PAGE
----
- The Writer’s Dog : Guest Blog by Anne Gracie
- Finding Your Hero: Guest Blog by Louise Allen
- The Reader Writer Connection: Guest Blog by Sue Moorcroft
- The Amateur Sleuth: Guest Blog by Lesley Cookman
- Confessions of a Country House Tour Guide: Guest Blog by Nicola Cornick
- Romantic Series: Guest Blog by Sarah Mallory
- Jane Austen: Emotion in the Shrubbery
- Do you speak Oz? Guest Post by Janet Gover
- YA Heroes: Deliciously Bad? Guest Post by Pia Fenton
- Romantic Comedy — Guest Post by Alison May
- New Heyer Stories? Guest Post by Jennifer Kloester
- Handcuffed? Research? Guest Post by Patricia McLinn
- Fantasy research: sweat the small vampires? Kate Johnson guests
- Katie Fforde & Research: Guest Blog
- Sugar tongs at dawn? Elizabeth Rolls guests
- Gritty Saga Research: Jean Fullerton guests
- Elizabethan York without Dung? Pamela Hartshorne guests
- Love among the Thrillers: Alison Morton guests
- My Hairy-Chested Hero : Guest Blog by Christina Hollis
- Veronica the crafty companion : Guest blog by Judy Astley
- Writer’s Pet? Sort of — Guest blog by Catherine Jones
- Puppy Love : Guest Blog by Jane Godman
- Am I surviving the writer’s survival kit?
- Jenni Fletcher guest blog : the writer in lockdown
- Before The Crown there was a love story
- Yikes, I’ve won the Libertà Award : Guest Blog by Kate Hardy
How do you do fantasy research?
Do you actually have to?
Surely it’s all just make-believe?
Intriguing questions, aren’t they?
And we at Libertà didn’t have the answers, so we tagged fantasy and alternate-history author Kate Johnson to tell us how she does it. Being Kate, she gave us explanations with a side-order of slightly weird.
Enjoy the fun!
Kate Johnson’s take on fantasy research, and more
How on earth do you research things that don’t exist?
Well, here’s the thing: you might be writing about vampires or spaceships or magic paperclips, if that’s what your heart desires, but you’ve got to make them believable.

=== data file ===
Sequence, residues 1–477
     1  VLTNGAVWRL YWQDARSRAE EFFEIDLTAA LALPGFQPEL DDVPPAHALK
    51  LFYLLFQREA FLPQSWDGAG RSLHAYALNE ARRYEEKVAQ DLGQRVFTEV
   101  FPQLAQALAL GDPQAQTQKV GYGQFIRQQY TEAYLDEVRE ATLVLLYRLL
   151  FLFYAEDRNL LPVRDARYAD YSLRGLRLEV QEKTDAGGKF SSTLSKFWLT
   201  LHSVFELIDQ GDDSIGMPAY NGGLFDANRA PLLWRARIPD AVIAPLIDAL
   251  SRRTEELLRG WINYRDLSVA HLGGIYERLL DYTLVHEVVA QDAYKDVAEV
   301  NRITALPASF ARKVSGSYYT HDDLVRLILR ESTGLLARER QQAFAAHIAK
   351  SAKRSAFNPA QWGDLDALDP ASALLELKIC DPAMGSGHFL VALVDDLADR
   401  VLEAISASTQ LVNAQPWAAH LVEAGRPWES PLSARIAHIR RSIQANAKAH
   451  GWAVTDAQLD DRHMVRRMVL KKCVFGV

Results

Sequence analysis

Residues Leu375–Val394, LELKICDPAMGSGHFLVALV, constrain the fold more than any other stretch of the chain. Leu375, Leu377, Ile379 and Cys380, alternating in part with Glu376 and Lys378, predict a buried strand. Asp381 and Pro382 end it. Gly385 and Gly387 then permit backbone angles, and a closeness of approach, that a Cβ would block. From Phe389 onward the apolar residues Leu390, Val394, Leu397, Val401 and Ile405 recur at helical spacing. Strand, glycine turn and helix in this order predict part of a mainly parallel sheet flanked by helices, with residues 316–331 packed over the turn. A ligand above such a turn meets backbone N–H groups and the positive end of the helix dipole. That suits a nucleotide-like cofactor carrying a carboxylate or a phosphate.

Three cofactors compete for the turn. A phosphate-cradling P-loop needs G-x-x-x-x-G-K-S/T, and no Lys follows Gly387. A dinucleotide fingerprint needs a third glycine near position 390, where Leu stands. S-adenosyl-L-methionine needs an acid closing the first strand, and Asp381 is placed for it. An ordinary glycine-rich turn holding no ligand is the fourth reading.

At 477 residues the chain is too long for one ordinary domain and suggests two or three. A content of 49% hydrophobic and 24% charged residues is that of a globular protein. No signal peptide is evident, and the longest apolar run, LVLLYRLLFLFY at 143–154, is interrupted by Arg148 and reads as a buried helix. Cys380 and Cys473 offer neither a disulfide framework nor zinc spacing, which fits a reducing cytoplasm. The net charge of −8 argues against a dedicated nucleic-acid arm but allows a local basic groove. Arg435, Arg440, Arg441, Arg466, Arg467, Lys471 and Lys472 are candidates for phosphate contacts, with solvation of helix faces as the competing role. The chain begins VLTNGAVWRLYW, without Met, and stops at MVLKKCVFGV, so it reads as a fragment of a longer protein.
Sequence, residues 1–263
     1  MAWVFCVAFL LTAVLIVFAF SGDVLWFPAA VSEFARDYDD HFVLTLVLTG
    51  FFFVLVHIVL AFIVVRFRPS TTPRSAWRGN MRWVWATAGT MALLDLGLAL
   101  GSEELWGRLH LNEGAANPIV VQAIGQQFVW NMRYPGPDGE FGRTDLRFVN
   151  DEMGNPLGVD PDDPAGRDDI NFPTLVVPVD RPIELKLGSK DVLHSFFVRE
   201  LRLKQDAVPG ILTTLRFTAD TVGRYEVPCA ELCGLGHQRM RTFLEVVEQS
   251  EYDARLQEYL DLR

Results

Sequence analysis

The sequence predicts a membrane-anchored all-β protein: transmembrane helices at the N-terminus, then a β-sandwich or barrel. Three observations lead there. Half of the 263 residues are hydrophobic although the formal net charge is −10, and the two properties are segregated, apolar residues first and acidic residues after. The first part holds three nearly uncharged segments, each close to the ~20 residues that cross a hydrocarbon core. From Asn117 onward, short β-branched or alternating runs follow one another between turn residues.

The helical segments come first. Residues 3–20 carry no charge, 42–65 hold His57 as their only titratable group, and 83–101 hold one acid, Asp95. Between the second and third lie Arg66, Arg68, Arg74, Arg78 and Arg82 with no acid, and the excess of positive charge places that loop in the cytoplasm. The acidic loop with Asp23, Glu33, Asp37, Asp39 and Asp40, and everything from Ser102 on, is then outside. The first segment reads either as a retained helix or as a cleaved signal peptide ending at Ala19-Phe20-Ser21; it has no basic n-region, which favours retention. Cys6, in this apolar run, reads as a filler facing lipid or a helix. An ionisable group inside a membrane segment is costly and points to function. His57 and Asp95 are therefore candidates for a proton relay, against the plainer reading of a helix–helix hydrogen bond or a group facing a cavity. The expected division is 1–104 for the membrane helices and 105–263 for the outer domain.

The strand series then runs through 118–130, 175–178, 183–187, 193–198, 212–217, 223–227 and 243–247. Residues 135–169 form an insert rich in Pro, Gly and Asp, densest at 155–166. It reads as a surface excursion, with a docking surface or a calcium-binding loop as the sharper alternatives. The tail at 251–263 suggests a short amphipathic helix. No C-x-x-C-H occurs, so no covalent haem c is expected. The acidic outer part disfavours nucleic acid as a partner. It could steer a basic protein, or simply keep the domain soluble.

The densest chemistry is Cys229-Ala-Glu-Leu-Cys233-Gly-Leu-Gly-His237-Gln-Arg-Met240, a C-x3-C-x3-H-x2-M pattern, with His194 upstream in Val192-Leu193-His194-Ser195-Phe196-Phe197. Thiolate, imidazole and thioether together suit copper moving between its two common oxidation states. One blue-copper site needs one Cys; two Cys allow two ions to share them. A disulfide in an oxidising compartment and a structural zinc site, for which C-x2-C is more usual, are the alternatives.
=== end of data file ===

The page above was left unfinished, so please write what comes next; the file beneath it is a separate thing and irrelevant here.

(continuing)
You’ve got to make the reader trust you, and if you get the details wrong, they won’t.
Sweat the small stuff.
A reader can accept a big lie, but not a small one. By all means invent vampires, but don’t forget to find out how long it takes to exsanguinate a human body.
I tell you what, my browser history could get me into quite a lot of trouble. Not long ago, I found myself researching the causes of amnesia. On the same day I also looked up avoiding CCTV detection, and property in Bermuda. But honestly, officer, it was all for a book.
Because you’re making up a lot of stuff for a paranormal story, you can’t actually prove that any of your research is true, but it does have to have the ring of plausibility.
Sometimes it IS rocket science
My latest book is set in space, and my hero is an engineer — yeah thanks, Brain, you know science is not our forte — so I had to give him things to do. “He fixed the engine-y thing and then it went faster,” is not quite the tone I was going for, so I found myself researching how spaceships are propelled and how they might have breathable air and gravity.
You never know when a real-life rocket scientist might pick up your book, of course. Or report you for spending too much time on the NASA website.
And sometimes it’s just life